Thousands protest Israel Bedouin relocation plan
Published Sunday 11/12/2011 (updated) 13/12/2011 10:19
Bedouin citizens of Israel pray during a protest outside the office of Israeli
Prime Minister Benjamin Netanyahu in Jerusalem on Dec. 11, 2011.
JERUSALEM (AFP) -- Several thousand people demonstrated on Sunday outside Israeli Prime Minister Benjamin Netanyahu's office, protesting over a plan they say will displace tens of thousands of people from their land.
The demonstrators came from Bedouin communities across Israel, gathering outside Netanyahu's Jerusalem office holding signs reading "We are staying here" and "No to the Praver Plan."
Palestinian citizens of Israel closed schools and businesses for the day on Sunday, in a strike to protest the Praver plan approved by the government in September, Israeli news site Ynet reported.
Israel says the plan will address the problem of unrecognized Bedouin villages in the Negev desert of southern Israel, helping Bedouin better integrate into Israeli society.
But the proposal was formulated without any consultation with the community, with rights groups slamming it as a major blow to Bedouin rights and warning it would forcefully uproot tens of thousands from their land.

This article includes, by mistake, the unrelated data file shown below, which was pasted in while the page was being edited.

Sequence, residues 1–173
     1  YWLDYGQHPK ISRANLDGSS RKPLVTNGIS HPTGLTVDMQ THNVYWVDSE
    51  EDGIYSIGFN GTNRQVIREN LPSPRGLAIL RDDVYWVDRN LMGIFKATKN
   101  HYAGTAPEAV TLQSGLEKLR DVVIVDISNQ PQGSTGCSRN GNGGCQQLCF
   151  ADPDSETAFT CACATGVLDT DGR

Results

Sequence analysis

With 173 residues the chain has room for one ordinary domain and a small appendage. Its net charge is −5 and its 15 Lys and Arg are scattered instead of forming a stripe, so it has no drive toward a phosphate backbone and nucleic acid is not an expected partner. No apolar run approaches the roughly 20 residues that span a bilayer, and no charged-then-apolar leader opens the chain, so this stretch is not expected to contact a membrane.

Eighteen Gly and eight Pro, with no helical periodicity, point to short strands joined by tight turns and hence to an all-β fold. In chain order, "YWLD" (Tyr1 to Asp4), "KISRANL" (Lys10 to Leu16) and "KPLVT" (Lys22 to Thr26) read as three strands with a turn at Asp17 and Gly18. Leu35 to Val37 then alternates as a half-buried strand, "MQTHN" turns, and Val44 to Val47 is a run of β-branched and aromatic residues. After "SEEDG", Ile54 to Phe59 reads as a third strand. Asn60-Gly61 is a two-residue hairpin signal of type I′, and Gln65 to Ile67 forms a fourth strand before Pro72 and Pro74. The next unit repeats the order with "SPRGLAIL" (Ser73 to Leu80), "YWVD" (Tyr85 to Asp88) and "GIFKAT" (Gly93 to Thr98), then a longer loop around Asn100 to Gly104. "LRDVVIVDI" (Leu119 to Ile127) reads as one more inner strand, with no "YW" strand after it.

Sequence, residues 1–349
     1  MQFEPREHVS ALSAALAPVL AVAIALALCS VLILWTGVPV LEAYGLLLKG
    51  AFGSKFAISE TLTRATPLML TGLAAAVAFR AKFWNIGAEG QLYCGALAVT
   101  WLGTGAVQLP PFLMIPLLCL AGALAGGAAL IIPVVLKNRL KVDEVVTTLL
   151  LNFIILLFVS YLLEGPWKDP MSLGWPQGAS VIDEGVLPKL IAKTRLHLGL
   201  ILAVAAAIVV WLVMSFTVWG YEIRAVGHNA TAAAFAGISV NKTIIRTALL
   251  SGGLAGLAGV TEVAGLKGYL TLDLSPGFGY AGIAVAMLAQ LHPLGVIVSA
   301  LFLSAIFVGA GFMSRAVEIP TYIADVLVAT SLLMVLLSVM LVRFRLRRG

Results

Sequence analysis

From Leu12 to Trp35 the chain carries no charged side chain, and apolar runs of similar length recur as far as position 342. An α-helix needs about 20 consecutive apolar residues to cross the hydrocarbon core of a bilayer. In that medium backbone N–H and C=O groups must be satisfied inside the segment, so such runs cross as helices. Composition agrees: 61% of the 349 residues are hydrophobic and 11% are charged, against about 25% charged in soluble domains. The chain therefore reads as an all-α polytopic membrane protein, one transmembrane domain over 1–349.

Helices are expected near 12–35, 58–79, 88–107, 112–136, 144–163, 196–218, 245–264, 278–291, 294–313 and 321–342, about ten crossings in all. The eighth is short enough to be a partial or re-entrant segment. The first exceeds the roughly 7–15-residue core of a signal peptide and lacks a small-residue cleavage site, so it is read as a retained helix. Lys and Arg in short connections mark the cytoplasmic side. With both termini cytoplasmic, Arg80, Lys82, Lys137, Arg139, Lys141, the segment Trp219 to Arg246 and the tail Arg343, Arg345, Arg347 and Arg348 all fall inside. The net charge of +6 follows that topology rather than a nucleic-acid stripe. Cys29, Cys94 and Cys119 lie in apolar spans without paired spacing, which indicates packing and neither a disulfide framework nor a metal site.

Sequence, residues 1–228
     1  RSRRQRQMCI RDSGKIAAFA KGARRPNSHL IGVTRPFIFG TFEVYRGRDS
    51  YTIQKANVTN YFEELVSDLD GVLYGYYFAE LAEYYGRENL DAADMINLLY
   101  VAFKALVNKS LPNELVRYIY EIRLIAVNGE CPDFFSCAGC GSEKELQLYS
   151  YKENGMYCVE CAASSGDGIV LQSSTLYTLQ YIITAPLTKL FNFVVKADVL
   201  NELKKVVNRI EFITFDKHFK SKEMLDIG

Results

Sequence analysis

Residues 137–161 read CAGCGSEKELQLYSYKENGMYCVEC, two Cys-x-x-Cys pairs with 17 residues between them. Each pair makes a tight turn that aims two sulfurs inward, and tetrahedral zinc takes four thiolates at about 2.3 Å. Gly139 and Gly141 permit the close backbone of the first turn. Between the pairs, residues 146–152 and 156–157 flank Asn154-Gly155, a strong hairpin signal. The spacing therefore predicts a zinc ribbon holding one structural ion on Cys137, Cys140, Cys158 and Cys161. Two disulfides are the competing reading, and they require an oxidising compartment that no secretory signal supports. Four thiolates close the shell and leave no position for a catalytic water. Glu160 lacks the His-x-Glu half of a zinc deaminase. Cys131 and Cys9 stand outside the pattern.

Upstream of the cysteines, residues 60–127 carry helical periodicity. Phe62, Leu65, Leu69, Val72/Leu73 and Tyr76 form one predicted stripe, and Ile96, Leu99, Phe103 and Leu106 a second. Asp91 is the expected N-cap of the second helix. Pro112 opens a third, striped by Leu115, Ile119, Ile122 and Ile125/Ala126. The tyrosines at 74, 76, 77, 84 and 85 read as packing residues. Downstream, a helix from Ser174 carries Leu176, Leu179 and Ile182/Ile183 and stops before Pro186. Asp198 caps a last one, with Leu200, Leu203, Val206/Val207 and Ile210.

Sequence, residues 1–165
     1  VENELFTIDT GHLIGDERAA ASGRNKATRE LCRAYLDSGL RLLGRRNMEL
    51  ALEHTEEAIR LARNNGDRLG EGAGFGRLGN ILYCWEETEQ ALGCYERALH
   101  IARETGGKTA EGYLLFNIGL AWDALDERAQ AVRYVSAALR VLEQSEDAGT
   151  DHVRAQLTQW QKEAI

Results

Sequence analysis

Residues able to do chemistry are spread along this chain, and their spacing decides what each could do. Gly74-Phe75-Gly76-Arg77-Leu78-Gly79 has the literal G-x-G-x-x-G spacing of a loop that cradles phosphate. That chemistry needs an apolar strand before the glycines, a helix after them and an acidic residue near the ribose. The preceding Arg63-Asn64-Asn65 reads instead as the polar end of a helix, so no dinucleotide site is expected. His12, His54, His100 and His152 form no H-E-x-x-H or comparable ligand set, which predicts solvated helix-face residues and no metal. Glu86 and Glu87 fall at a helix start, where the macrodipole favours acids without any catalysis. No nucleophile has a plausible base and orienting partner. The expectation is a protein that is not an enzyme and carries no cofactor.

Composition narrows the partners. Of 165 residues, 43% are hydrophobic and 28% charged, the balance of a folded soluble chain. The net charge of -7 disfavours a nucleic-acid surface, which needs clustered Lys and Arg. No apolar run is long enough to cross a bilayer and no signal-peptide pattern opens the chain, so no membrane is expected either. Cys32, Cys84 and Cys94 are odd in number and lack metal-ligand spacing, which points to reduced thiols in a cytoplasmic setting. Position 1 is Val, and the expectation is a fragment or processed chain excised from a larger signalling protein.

In October, several thousand Bedouin joined a similar demonstration in Beersheba, with Bedouin villages and towns observing a general strike.
The Higher Arab Monitoring Committee, which represents Arab communities in Israel, has described the so-called Praver initiative as a "disaster" which would have "dangerous" consequences.
There are around 160,000 Bedouin in Israel, most of whom live in and around the Negev desert, largely the descendants of Palestinians that managed to remain during the 1948 war that established the state of Israel.
More than half of them live in unrecognized villages without municipal services like water and electricity, and much of the rest also live in extreme poverty.
Ma'an staff contributed to this report